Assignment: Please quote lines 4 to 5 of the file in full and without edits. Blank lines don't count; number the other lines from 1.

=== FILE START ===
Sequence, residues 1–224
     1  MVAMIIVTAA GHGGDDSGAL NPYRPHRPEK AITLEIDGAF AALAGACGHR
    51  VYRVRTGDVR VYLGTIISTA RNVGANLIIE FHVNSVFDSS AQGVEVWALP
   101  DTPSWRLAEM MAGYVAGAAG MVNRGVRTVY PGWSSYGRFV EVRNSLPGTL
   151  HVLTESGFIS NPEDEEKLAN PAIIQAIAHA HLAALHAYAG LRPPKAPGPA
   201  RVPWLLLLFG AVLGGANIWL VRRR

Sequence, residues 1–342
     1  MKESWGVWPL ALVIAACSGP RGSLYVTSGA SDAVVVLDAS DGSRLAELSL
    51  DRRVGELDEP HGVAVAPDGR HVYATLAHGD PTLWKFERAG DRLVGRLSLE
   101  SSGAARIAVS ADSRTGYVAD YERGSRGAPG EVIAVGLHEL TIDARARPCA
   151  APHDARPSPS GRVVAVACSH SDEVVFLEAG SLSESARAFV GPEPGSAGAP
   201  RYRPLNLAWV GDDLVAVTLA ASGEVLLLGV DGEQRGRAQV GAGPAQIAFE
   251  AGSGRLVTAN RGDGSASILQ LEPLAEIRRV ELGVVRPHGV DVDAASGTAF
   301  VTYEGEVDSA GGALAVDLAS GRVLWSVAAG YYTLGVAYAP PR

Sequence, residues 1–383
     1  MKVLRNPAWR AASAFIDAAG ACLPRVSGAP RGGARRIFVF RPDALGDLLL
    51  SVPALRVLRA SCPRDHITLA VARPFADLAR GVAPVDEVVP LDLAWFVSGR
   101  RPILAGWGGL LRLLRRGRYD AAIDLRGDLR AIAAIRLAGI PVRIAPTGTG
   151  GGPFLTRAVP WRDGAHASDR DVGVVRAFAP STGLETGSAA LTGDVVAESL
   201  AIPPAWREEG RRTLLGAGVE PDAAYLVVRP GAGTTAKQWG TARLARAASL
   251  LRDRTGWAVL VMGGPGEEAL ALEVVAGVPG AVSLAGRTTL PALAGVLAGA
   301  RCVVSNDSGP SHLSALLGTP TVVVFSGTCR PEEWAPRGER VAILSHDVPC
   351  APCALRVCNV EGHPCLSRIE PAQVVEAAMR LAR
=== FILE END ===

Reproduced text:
   101  DTPSWRLAEM MAGYVAGAAG MVNRGVRTVY PGWSSYGRFV EVRNSLPGTL
   151  HVLTESGFIS NPEDEEKLAN PAIIQAIAHA HLAALHAYAG LRPPKAPGPA